Outrageous Fyre Festival crashes and burns


Too bourgeois for Coachella, won’t go anywhere without your yacht or want to hang out on an island? Well Fyre Festival is the “lituation” for you– or at least it was supposed to be.

The festival was organized by rapper Ja Rule and his business partner Billy McFarland.

Fyre Festival was supposed to be a weekend in the Bahamas—basically paradise, with “the best in food, art, music and adventure.”

Guests shelled out cash for a hefty fee of $3,200 to $4,400 for a plane ticket from Miami to the island of Great Exuma.

Some even paid up to $250,000 per person.

They were expecting to stay in lavish geodesic domes, feast on amazing food and enjoy the likes of artists such as Migos, Major Lazer, Rae Sremmurd and Blink 182.

When guests arrived on April 28 to what they thought would be an epic two-weekend festival, they were met with everything but that.

The partygoers were met with a categorical disaster, to say the least.

Amenities, gourmet meals, musical acts and luxurious housing were nowhere in sight.

“So Fyre Fest is a complete disaster. Mass chaos. No organization. No one knows where to go. There are no villas, just a disaster tent city,” @WNFIV tweeted.

“The dinner that @fyrefestival promised us was catered by Steven Starr is literally bread, cheese, and salad with dressing. #fyrefestival,” @trev4president tweeted.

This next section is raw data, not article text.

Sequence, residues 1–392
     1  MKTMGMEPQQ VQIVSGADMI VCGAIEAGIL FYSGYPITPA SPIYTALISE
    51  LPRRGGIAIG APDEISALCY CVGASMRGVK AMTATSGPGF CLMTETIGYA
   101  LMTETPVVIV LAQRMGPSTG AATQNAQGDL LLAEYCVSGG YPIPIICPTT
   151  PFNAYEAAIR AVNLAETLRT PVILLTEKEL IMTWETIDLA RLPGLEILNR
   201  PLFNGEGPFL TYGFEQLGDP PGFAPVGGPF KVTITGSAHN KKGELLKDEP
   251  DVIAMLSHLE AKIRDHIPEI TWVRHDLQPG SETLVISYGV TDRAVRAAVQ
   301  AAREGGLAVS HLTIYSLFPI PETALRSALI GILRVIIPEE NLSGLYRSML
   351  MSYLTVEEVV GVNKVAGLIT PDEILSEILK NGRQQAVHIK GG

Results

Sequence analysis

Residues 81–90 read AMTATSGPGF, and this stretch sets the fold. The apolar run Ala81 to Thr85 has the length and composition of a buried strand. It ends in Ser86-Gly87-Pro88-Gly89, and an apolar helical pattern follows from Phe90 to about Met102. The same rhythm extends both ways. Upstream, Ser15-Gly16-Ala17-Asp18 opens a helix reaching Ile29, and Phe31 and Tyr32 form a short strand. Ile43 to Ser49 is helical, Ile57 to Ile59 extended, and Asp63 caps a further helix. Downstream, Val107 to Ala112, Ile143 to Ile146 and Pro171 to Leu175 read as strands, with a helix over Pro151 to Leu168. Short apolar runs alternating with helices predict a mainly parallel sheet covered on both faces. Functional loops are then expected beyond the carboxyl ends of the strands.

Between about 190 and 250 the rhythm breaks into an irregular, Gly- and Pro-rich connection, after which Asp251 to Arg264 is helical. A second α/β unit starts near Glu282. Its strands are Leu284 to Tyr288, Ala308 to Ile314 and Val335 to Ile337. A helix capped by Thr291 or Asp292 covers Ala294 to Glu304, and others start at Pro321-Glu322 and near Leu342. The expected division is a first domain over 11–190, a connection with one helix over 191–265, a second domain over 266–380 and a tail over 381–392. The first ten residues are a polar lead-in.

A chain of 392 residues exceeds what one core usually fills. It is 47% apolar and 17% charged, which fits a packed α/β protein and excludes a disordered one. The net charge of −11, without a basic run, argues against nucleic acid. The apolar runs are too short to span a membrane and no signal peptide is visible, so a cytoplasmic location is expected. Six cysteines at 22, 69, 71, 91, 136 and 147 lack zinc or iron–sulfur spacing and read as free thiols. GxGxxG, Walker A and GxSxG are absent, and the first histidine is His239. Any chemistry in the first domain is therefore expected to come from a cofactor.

Over 6,000 people were expected to fly but only about 1,500 were able to because it got too sketchy, according to People.com.

The Bahamas Ministry of Tourism has now spoken out.

They offered their deepest apologies to those who traveled to Exuma for the event.

“We are extremely disappointed in the way the events unfolded yesterday with the Fyre Festival,” they said. “Hundreds of visitors to Exuma were met with total disorganization and chaos.”

Amidst all the controversy, Blink-182 pulled out of the festival because they felt the environment wasn’t fit for their performance.

“We’re not confident that we would have what we need to give you the quality of performances we always give our fans,” they said in a statement.

In a situation such as this, guests would think they could just pick up and catch the next flight home.

They were shocked to find that they not only could have massive delays, but some were even stranded.

The festival canceled its inbound charter flights to the Exumas as well but festival officials ensured that refunds would be dispersed.

“Things got off to an unexpected start at day one of Fyre Festival,” a statement posted to the festival’s Instagram said. It added that it was “working to comfortably accommodate guests,” would refund those whose inbound flights it had canceled, and that it would soon post a revised itinerary for the remainder of this weekend and for next.

Fyre Festival’s website now states that the festival “is being postponed until we can further assess if and when we are able to create the high-quality experience we envisioned.”

“Due to circumstances out of our control, the physical infrastructure was not in place on time and we are unable to fulfill on that vision safely and enjoyably for our guests. At this time, we are working tirelessly to get flights scheduled and get everyone off of Great Exuma and home safely as quickly as we can,” the website said.

In the end, guests were promised an experience of a lifetime and definitely got an experience but not a positive one.

If this year’s attendees want, they will be able to attend next year’s festival with free VIP passes, according to Fyre Festival officials.